Brazil's Lula to Sign Drug Decriminalization Decree on Nov. 24

According to a report in today's Folha de São Paulo (subscription only), the government of Brazilian President Lula da Silva has reached a "consensus" to step forward into a bold new era of drug policy: decriminalizing the drug user, and opening 250 safe drug use centers across the country during the year 2005.

Lula is expected to sign an executive decree on November 24, taking drug enforcement responsibilities away from police agencies, and placing the problems of drug use under the jurisdiction of the Health Ministry, which will be charged with supporting the safe drug-use centers and make Harm Reduction - a policy to reduce the harms associated with drug use - the law of the land.

Here is an excerpt from today's report from Brazil's largest daily newspaper:

Policy proposal considers drug consumption as a public health problem, and no longer one for the police

The government wants to create centers for drug use

By Luciana Constantino and Iuri Dantas
Folha de São Paulo, Brasília Bureau

After a series of internal disagreements about drug policy, the federal government is preparing a realignment of national policy to define drug consumption as a public health problem, and not one for the police as it is today.

There will be a presidential order creating rules for treating drug dependents, with emphasis on Harm Reduction...

(More of the translation appears after the jump.)

The new focus will include a change in the name of the policy. It will be changed from "National Anti-Drug Policy" to "National Policy on Drugs."

"Changing the name is a symbol, and there will be a change in orientation. The country is maturing in order to put forward a more pragmatic policy," said Pedro Gabriel Delgado, the government's mental health coordinator.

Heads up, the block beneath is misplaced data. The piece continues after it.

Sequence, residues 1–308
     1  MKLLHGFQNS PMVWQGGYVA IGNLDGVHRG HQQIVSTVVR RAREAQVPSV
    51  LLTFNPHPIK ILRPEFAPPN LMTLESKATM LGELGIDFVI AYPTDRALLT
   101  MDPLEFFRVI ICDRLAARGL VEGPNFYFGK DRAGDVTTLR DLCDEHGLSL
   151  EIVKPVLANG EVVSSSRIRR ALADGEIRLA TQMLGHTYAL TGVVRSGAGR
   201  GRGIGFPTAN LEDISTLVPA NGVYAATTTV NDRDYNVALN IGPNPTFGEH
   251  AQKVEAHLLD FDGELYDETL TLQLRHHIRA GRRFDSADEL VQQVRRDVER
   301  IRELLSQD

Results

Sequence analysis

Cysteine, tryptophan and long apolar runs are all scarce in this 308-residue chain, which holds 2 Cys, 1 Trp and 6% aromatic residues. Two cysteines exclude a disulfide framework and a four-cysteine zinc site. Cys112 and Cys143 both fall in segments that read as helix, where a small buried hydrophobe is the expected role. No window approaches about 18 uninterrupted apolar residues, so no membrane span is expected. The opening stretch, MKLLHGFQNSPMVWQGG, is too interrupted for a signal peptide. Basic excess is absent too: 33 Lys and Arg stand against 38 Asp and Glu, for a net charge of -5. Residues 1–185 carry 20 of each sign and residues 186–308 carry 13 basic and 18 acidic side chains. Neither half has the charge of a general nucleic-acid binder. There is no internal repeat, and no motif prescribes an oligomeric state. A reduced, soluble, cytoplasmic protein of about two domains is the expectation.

The president's public safety secretary, General Jorge Armando Felix, has also endorsed the proposal. "Drug dependents are a public health problem. They should be treated as people like those with any other illness, particularly in the area of psychiatry, they need support and treatment."

Through this new lens, Lula will sign a presidential decree to regulate harm reduction programs, making possible a wider network of treatment for drug users and the creation of local centers for safe drug use. Before opening their doors, these centers will need authorization from the Health Ministry and will count with permanent support.

Preferably, the centers will be monitored by universities and dedicated to high risk users, such as those who use crack or inject cocaine.

The decree will create the role of Harm Reduction agent, a health professional who will be responsible for the direct contact with the users. And he, for example, will provide sterilized syringes…

Today, non-governmental organizations, with support from the health department, are already involved in Harm Reduction programs, but within the limits of legal prohibitions, thus there has been no regulation of this kind of work…

The goal for 2005 is the creation of 250 such local drug use centers around the country.
After much controversy and six public hearings in different states, the government will finalize the new policy on November 24th… The emphasis will be on demand and Harm Reduction.

According to the national drug czar, General Paulo Robero Uchoa, the government decided to put its efforts into combat against narco-trafficking, leaving the drug user to medical attention. "A drug is an inert thing. I don't combat penicillin… Now I combat trafficking. Drugs have to be understood to be able to educate and prepare society and the youth to not use drugs carelessly."

Translated from: Folha de São Paulo, 15 de novembro de 2004.

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Publisher, Narco News.

Reporting on the United States at The Field.